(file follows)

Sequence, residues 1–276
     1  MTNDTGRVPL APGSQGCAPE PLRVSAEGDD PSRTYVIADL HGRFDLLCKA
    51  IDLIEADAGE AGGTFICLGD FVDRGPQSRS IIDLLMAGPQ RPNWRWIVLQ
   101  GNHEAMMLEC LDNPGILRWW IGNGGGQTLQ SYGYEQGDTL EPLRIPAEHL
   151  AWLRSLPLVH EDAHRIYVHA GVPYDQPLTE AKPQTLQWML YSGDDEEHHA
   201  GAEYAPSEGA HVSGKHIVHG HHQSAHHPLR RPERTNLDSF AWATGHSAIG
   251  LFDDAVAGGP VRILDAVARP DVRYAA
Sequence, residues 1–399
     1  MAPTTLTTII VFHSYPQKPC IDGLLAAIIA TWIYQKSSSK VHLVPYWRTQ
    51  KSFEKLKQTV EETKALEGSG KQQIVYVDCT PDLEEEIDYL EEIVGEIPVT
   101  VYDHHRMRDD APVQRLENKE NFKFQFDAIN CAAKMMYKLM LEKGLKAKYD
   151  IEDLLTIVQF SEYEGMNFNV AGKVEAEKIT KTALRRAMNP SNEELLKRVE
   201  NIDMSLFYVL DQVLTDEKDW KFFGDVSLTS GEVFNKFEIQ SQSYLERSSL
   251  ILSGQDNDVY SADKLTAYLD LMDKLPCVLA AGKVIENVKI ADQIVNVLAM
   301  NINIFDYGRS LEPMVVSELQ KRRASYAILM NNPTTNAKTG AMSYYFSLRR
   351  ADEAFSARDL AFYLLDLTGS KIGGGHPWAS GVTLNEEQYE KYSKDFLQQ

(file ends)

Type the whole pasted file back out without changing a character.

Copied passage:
Sequence, residues 1–276
     1  MTNDTGRVPL APGSQGCAPE PLRVSAEGDD PSRTYVIADL HGRFDLLCKA
    51  IDLIEADAGE AGGTFICLGD FVDRGPQSRS IIDLLMAGPQ RPNWRWIVLQ
   101  GNHEAMMLEC LDNPGILRWW IGNGGGQTLQ SYGYEQGDTL EPLRIPAEHL
   151  AWLRSLPLVH EDAHRIYVHA GVPYDQPLTE AKPQTLQWML YSGDDEEHHA
   201  GAEYAPSEGA HVSGKHIVHG HHQSAHHPLR RPERTNLDSF AWATGHSAIG
   251  LFDDAVAGGP VRILDAVARP DVRYAA
Sequence, residues 1–399
     1  MAPTTLTTII VFHSYPQKPC IDGLLAAIIA TWIYQKSSSK VHLVPYWRTQ
    51  KSFEKLKQTV EETKALEGSG KQQIVYVDCT PDLEEEIDYL EEIVGEIPVT
   101  VYDHHRMRDD APVQRLENKE NFKFQFDAIN CAAKMMYKLM LEKGLKAKYD
   151  IEDLLTIVQF SEYEGMNFNV AGKVEAEKIT KTALRRAMNP SNEELLKRVE
   201  NIDMSLFYVL DQVLTDEKDW KFFGDVSLTS GEVFNKFEIQ SQSYLERSSL
   251  ILSGQDNDVY SADKLTAYLD LMDKLPCVLA AGKVIENVKI ADQIVNVLAM
   301  NINIFDYGRS LEPMVVSELQ KRRASYAILM NNPTTNAKTG AMSYYFSLRR
   351  ADEAFSARDL AFYLLDLTGS KIGGGHPWAS GVTLNEEQYE KYSKDFLQQ